HOT OFF THE PRESS// Freda period care has just launched their fantastic range of feminine hygiene products. Available as a one-off purchase, or as a subscription service, these handy letterbox friendly deliveries are convenient and can be customised to suit your period. Not only are their products well thought about, their social responsibility policy is fantastic.
So, What Is Freda?
Designed by women, for women, Freda is the first truly organic, eco-friendly online subscription service tailored to your period. Freda’s online period tracker allows you to sync the delivery of your products to ensure they arrive a few days before your cycle. Their online tracker combines an advanced algorithm and insight from specialist consultant gynecologists… As you input your personal data, the algorithm gets to know your period cycles over time which makes even irregular periods more predictable. Good eh!
“From transparency, to responsibility, to access, the whole femcare space needs rebooting. And Freda is here to reboot it.” Affi Parvizi-Wayne, Freda’s founder who started the company after seeing refugees stuck at European border crossings on the news and wondering how they managed their periods.
Freda’s tampons are made of 100% certified organic cotton, they are biodegradable, hypoallergenic and free from chemicals and synthetic fibres that are commonly found in some other big brand tampons. Plus, Freda’s pads contain 100% eco-friendly, biodegradable materials. They are 100% chlorine-free and use renewable and sustainable wood pulp for their superior ability to absorb and retain liquids. Individually wrapped in bio-film, they contain no dyes, fragrances, deodorants or any polymer-based absorbents. Good to know!
Why Organic Cotton?
“I was struck by the lack of available information around what actually goes into pads and tampons… Just as we pay attention to what goes into the foods that we eat and the products we put on our skin, we should also be able to make a more informed decision when it comes to the most intimate product we as women use. Do women realise that some high street pads and tampons are actually made of chemicals, fragrances, dyes, rayon, polyester, polyethylene, polyproprylene, chlorine and pesticides which are linked to health conditions? And would they continue buying these brands on auto-pilot if they did?” Affi Parvizi-Wayne.
I had no idea, did you? Blimey, big corporations are all about the profit margin and seem to care little about the individual. This is quite shocking, there really should be a warning or ‘ingredients’ label. Given that the average women uses approximately 12,000 tampons in her lifetime and may spend thousands on feminine hygiene products, we really should think more carefully about what we put in our bodies or at least make these big corporations responsible to inform us… surely? Um, yes I said thousands! Breathe! Think of all the tax you’ve paid on this! Here’s the BBC’s view… http://www.bbc.co.uk/news/health-42013239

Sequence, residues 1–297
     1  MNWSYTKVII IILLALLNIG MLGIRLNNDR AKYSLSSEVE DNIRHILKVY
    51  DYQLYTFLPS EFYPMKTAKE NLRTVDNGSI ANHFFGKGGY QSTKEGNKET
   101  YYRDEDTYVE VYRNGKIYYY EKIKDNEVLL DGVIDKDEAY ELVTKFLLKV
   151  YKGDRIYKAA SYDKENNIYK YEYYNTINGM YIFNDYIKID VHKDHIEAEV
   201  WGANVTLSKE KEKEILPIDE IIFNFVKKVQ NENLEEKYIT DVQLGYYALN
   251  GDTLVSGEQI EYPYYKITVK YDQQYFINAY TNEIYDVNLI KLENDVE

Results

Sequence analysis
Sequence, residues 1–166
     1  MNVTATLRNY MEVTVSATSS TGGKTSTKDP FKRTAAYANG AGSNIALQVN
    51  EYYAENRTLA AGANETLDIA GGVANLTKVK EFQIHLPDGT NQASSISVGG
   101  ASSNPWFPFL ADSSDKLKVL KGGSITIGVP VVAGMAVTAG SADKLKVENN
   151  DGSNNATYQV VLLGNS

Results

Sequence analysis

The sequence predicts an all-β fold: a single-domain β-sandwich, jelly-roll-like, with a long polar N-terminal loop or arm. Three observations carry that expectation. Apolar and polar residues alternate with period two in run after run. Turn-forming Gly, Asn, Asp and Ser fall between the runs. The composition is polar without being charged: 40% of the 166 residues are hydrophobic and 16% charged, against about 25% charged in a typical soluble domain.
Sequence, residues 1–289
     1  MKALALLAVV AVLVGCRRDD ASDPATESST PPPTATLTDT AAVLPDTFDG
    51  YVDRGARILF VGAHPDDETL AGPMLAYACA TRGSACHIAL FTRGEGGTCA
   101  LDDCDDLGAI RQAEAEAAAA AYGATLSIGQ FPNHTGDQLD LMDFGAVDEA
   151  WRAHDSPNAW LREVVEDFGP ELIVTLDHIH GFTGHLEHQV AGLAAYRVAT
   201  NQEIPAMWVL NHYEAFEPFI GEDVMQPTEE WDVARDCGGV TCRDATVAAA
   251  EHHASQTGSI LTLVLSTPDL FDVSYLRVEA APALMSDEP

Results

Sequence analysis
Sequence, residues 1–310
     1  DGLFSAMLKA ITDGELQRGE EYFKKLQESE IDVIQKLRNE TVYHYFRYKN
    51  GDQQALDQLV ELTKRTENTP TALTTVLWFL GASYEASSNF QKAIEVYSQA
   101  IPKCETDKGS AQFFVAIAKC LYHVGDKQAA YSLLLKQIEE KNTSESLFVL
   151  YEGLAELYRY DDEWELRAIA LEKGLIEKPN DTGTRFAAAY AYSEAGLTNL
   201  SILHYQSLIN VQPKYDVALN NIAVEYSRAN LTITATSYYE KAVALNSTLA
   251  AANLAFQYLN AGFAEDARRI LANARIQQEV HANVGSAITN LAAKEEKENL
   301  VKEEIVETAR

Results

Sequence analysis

Freda aims to reduce the ridiculous stigmas associated with periods, such as being unclean or unwell and educate people that a period is a natural process. Without this education, you can see why a young girl might be scared and confused when she discovers blood in her underwear and question why this happens monthly, like a full moon. Years ago, this may have been alarming and even something to be fearful of, connotations of witchcraft and lunacy were even suggested! Unfortunately for some, the notion of ‘years ago‘ is still present. There are still some areas in the world that are not as informed on the topic of feminine health as they could be. Being educated before one gets their first period and informed as to the reason why this is happening, and with support and open dialogue, periods should be part of everyday life and not hidden in hushed embarrassed whispers. Freda works with non-profit organisations as they aim to help educate and empower women. Let’s put a stop to the stigma. Period.
Freda aims to “…use our voice to advocate and campaign for universal access to period care products and girls’ right to education. We donate a portion of our profits to initatives addressing those issues.
So far we’ve partnered with Bloody Good Period and A Bloody Good Cause in the UK and Kilipads in Tanzania.” Affi Parvizi-Wayne
It seems crazy that in such an advanced and forward thinking world… one with a ‘Tesla’ orbiting it… we still don’t educate or even help provide proper healthcare to children. According to the UN’s International Children’s Fund, over 130 million girls worldwide miss school during menstruation as they cannot afford the necessary period products. Shocking, isn’t it. Well, it’s not that far from home. Period poverty is also affecting girls in the UK. Some are missing school as they cannot afford period care products. Check out this BBC article… http://www.bbc.co.uk/news/uk-39266056
“Access to period care is a basic human and universal right, not a luxury.” Affi Parvizi-Wayne.
A portion of every Freda purchase is donated to initiatives worldwide tackling period poverty.
Freda believes tampons and pads are an essential health product and should be widely and freely available in public places. Freda is on a mission to get offices, hotels, gyms and schools to stock period care products freely and conveniently. “After all, we’re not expected to carry around our own toilet paper. From today, women now have better access to period care and an easier way to manage their periods.” Affi Parvizi-Wayne.
Find Out More:
Named after Freyja who, in Norse mythology, is a goddess associated with love, sex, beauty and fertility.
A Freda subscription costs from £6.99 a month and can be purchased at www.myfreda.com
Freda also has retail plans to make their products available on the high street.
*Health Advice: If you have concerns, it is advisable to consult with your doctor before using a new healthcare product.